I have been trying to write this post for about three weeks and I just can’t seem to order my thoughts. I am still a little overwhelmed. Recently my husband and I visited our son and daughter in law in Los Angeles. We had an absolutely wonderful time. However whilst there we exhibited some rather strange behaviour.
Usually when visiting a foreign culture you are aware that everything will be different and unusual. The whole idea of travelling is to embrace the differences and to experience something new. This is part of the wonder and the joy of travelling.
I am not sure what happened to us on this trip but we started playing the comparison game. In Australia our coffee is better, our infrastructure is better, they don’t have pay pass, they don’t have kettles, we can’t get a decent beer and on and on it went. The roads were dirty, the homeless people were ‘more’ homeless, the fire engine sirens were louder and ‘more’ annoying, the beach was polluted etc… I was flummoxed. What in the world was happening?
As I began to research this phenomenon I realised that our ‘ethnocentrism’ was showing. Don’t look now but we had become those unbearable tourists who spent the whole time whingeing.
What is Ethnocentrism?
“Ethnocentrism is the strongly held belief that there is only one correct way of doing things, of thinking, of seeing the world. Ethnocentrism is judging another culture based upon the values and standards set in one’s own culture. It is a form of bias, where we tend to immediately judge another culture as ‘bad’ or ‘wrong’ based upon their actions, if their values are not aligned with our own beliefs” (Buzzle).
I came across an article in Buzzle and read a paragraph that accurately described us – as in me and my husband. It was like we were some Zoo Exhibit which read:
“Behold Lisa and Phil. An example of ethnocentric behaviour. Tourists who on a holiday judges the destination based upon his comparison with his native place. “Look how dirty this country is! They should just see MY country. No wonder this place is so underdeveloped and backward!” In this instance, the tourist developed a biased judgment of the destination based upon his opinion of his own country”.
Yep that was definitely us. We had partitioned the social world we were encountering into us and them.
Interestingly another example of ethnocentric people was about America.
“The popular belief among American ethnocentric people is that their country, culture, values, development, and everything else is superior to every other nation in the world, and that every other nation is inferior to the United States. The present-day politics are a good example of the same. Here, the country as a whole can be considered as one group, or the in-group” (Source).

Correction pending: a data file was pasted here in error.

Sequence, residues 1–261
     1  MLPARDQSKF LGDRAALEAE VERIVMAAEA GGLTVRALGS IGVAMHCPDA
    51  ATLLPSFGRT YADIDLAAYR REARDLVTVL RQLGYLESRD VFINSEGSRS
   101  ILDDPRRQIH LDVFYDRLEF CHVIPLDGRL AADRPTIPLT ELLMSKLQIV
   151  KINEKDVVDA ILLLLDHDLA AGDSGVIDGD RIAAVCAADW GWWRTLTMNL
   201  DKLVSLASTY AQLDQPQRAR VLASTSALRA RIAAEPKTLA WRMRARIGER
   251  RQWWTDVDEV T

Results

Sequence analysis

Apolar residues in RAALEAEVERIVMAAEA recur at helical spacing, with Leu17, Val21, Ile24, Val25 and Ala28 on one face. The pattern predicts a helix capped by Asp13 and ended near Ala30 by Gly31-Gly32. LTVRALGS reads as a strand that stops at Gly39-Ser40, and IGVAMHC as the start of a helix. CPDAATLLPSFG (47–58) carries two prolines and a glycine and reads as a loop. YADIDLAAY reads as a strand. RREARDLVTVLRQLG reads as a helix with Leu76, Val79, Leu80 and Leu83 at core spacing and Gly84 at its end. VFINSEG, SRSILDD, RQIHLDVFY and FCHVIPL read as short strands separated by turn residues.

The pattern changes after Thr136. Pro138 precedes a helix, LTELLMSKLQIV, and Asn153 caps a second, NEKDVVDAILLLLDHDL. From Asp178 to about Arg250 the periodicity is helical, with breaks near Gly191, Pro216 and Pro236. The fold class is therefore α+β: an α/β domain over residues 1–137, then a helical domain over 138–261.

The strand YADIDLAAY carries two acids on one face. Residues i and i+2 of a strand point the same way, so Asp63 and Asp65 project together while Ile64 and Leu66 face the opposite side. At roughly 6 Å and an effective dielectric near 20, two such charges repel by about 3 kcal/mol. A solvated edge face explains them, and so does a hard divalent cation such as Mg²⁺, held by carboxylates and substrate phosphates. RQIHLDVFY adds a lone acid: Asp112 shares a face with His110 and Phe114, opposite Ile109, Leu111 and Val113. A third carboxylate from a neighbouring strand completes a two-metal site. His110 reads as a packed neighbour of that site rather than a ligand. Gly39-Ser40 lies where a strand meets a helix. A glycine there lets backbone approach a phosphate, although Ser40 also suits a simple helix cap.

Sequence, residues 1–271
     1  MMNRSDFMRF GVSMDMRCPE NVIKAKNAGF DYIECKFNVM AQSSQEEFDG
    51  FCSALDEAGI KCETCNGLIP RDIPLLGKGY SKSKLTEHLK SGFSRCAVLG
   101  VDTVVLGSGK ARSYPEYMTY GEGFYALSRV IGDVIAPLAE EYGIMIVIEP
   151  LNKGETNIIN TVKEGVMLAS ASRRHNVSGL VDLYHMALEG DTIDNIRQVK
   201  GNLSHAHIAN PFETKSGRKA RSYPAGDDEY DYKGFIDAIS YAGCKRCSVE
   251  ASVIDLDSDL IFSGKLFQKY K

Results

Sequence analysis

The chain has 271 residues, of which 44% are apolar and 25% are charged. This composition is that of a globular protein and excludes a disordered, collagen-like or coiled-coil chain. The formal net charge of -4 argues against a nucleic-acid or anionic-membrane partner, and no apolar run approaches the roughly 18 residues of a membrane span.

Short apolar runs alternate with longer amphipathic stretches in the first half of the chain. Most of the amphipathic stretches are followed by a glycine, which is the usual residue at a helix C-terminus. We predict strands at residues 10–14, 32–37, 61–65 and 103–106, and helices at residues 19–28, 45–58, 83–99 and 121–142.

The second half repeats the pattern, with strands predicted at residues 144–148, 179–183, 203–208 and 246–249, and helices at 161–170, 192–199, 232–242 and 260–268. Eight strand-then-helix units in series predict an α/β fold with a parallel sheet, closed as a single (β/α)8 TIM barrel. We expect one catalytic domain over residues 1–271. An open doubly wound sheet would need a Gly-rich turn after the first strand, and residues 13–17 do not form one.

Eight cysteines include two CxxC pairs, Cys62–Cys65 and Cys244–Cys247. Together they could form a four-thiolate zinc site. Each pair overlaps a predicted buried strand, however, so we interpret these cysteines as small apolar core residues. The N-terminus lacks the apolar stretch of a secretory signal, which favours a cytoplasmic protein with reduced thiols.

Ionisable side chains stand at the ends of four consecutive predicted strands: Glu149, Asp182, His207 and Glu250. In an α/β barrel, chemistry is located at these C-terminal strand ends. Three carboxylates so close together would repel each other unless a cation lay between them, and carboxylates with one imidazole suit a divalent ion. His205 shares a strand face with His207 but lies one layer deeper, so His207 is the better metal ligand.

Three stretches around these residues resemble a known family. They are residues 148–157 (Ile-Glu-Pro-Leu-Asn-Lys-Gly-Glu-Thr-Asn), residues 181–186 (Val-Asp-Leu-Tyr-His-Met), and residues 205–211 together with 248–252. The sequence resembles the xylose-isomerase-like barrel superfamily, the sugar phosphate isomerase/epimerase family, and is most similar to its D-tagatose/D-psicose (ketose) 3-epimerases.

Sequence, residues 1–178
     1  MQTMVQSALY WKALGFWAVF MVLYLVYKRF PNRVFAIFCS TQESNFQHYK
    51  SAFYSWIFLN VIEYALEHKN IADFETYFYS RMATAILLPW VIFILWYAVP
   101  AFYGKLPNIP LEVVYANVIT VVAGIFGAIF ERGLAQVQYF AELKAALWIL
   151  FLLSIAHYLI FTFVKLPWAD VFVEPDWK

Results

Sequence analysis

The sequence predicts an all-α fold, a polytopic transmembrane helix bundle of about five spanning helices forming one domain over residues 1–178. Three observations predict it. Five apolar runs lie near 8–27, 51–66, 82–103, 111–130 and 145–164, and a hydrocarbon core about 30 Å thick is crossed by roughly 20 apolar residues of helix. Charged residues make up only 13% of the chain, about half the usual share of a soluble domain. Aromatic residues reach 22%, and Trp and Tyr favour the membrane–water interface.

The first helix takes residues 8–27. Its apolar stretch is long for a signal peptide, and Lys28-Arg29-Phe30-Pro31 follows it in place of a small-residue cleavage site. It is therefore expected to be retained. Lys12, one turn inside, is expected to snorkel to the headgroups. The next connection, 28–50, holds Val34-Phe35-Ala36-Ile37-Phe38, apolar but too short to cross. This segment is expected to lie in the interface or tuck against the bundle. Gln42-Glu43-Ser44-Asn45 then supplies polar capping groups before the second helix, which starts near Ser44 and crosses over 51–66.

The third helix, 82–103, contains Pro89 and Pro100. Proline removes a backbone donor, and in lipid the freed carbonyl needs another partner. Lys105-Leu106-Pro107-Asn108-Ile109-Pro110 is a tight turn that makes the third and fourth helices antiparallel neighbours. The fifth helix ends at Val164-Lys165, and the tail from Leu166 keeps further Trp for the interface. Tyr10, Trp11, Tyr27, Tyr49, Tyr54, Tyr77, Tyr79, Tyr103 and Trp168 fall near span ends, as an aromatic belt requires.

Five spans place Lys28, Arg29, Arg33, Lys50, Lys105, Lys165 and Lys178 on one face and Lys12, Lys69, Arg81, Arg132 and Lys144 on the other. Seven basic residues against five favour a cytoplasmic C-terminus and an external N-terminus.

I began to ponder a few things:
1: Had the recent tsunami of Trump and U.S. media news formed an unconscious bias in us? – Yes
2: How did we shift so fast into a ‘us and them’ stance? Something which goes against everything I believe.
Obviously we are all born into a culture and grow up ‘absorbing the values and behaviors of that culture which then develops into a worldview that considers our culture to be the ‘norm’ (source).
Australians have a preference to Australians
Greeks have a preference to Greeks
Muslims have a preference to Muslims
“the belief that all people are of equal worth and are entitled to equal respect”. Beth Lord
Your huddled masses yearning to breathe free,
The wretched refuse of your teeming shore.
Send these, the homeless, tempest-tossed to me.
I lift my lamp beside the golden door.
Beneath our radiant Southern Cross We’ll toil with hearts and hands; To make this Commonwealth of ours Renowned of all the lands;
For those who’ve come across the seas We’ve boundless plains to share; With courage let us all combine
To Advance Australia Fair.
In joyful strains then let us sing, Advance Australia Fair.
Yet we as a Nation struggle to acknowledge; our own first nations, the cultural diversity from where we have all come and acceptance for others of differing ethnicity who need our support and embrace.
Gay marriage can not be rolled backThe equality or races cannot be rolled backEquality of men and women cannot be rolled backMichael Grant Ignatieff
When we elevate economic man over citizenship we lose connection to place and to each other.Michael Grant Ignatieff
As Ignatieff notes: ‘the whole point of a liberal society is to create laws and institutions that make virtue ordinary. In a decent society, love should not require anyone to be a hero’ (195).
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